Eradication of Rubbervine

I recently had a question posed to me – “If we accept foreign people into the country in every State, why is it a problem letting foreign plants in?”

Rubbervine flowering

I found this question really surprising at first…..then it occurred to me that perhaps the extent of our weed problem and the importance of protecting Australia may be unnoticed.

Weeds or invasive plants are arguably one of our biggest threats to our ecosystems and biodiversity, and also to farming. Prohibiting the introductionof plants and the effort that goes into prevention of spread and eradication of weeds is an annual multi-billion-dollar effort.

Take Rubbervine (Cryptostegia grandiflora) for a North Qld and Cape York example. Introduced in 1875 from Madagascar as an ornamental plant for mining camps due to its adaptation to harsh conditions, lush foliage and pretty flowers, it is now a Weed of National Significance (DAF, 2019). Considered one of the worst weeds in the country it is toxic to cattle, takes over our riparian vegetation along our river systems, and degrades important habitat needed for wildlife survival.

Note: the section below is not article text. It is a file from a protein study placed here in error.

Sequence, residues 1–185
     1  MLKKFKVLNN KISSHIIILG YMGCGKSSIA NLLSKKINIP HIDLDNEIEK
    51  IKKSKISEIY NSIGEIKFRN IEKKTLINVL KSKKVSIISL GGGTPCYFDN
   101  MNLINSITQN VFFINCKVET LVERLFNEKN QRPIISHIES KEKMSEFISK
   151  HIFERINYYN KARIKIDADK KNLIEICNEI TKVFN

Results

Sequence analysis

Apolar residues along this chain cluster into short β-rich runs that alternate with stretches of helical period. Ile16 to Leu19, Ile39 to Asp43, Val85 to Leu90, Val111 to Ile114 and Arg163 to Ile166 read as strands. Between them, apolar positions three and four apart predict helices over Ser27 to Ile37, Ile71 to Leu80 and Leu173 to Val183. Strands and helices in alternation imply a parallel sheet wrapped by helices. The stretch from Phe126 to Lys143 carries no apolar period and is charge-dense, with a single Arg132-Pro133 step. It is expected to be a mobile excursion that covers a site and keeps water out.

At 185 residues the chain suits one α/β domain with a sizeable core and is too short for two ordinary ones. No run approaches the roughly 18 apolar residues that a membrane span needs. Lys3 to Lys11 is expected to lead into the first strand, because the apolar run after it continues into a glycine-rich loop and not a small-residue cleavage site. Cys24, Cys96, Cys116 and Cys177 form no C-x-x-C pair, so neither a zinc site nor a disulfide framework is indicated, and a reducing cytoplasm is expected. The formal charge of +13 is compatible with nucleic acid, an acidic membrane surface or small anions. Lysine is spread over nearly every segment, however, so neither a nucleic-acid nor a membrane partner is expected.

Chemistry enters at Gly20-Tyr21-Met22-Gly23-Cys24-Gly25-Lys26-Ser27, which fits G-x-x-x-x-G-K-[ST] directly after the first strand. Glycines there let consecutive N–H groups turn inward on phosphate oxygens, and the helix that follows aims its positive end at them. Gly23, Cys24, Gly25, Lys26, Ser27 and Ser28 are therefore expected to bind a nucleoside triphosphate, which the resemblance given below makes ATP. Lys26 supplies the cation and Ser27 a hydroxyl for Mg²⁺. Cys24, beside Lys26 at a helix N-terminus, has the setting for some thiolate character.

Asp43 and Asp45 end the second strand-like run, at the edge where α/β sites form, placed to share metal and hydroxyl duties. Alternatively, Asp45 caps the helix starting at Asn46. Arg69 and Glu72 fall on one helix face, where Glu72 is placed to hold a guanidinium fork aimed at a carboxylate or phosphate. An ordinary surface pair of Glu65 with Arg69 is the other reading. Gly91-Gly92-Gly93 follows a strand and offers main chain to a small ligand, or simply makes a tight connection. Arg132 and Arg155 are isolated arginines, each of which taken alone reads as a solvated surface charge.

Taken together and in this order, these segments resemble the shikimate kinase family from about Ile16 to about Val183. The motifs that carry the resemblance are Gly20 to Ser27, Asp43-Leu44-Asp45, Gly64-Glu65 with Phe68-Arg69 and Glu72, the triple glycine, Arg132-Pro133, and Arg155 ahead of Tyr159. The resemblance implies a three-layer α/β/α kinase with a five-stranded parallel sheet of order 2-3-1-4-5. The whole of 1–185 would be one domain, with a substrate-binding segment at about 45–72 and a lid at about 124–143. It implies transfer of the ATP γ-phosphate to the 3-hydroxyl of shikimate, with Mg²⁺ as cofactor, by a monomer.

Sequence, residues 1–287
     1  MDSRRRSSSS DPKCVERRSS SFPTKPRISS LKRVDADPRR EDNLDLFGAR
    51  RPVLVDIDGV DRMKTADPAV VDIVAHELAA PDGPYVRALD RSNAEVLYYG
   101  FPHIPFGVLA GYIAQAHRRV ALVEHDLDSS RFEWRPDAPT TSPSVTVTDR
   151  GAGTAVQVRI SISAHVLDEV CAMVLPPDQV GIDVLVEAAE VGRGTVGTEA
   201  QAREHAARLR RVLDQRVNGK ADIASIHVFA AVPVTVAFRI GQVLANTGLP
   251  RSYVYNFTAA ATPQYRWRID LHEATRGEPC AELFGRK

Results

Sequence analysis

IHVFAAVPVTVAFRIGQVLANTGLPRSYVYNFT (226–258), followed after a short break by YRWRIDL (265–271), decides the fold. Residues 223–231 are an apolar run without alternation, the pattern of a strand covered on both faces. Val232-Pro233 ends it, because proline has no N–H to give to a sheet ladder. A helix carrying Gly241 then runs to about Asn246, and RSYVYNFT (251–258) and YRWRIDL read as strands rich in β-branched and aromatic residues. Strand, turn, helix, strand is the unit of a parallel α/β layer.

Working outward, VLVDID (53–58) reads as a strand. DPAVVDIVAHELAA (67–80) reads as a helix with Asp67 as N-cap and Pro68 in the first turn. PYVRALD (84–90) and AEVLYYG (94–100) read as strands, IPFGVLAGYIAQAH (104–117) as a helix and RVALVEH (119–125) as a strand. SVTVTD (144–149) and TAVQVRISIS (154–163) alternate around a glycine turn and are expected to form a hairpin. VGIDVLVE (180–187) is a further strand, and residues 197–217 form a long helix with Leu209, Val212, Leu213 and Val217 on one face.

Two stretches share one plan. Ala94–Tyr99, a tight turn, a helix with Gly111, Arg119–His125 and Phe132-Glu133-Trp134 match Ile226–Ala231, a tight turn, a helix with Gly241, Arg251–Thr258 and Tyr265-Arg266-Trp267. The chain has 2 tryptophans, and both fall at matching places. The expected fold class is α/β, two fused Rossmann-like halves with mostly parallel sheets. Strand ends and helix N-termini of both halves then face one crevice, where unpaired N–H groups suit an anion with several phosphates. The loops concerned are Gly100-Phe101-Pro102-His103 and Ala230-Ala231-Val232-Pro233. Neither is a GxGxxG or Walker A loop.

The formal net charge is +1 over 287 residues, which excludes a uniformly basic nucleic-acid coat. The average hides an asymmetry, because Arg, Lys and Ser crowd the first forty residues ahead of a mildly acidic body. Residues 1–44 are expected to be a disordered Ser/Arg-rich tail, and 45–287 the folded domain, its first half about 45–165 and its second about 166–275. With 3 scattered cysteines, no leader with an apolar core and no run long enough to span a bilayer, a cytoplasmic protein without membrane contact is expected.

Rubbervine extending from the base of the range covering mature trees

This infestation being managed by Firecraft is on the Desailly Range south of the road to Cooktown. The Rubbervine is estimated at 25m high in places, blanketing and killing native trees and shrubs, and creeping its way rapidly up to the road.

Rubbervine extending upwards over the eastern edge of the Desailly Range

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